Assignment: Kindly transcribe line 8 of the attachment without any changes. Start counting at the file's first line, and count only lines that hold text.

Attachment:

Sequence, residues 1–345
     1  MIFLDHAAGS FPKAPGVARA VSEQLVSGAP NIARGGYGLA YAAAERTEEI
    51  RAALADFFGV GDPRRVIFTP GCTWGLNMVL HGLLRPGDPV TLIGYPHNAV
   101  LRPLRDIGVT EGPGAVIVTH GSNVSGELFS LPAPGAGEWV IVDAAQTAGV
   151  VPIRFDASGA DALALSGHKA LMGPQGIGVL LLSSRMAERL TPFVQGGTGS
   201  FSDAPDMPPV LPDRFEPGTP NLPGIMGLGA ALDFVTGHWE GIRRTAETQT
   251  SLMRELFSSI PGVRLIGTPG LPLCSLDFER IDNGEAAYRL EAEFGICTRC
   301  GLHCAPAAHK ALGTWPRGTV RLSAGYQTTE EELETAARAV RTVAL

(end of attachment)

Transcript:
   301  GLHCAPAAHK ALGTWPRGTV RLSAGYQTTE EELETAARAV RTVAL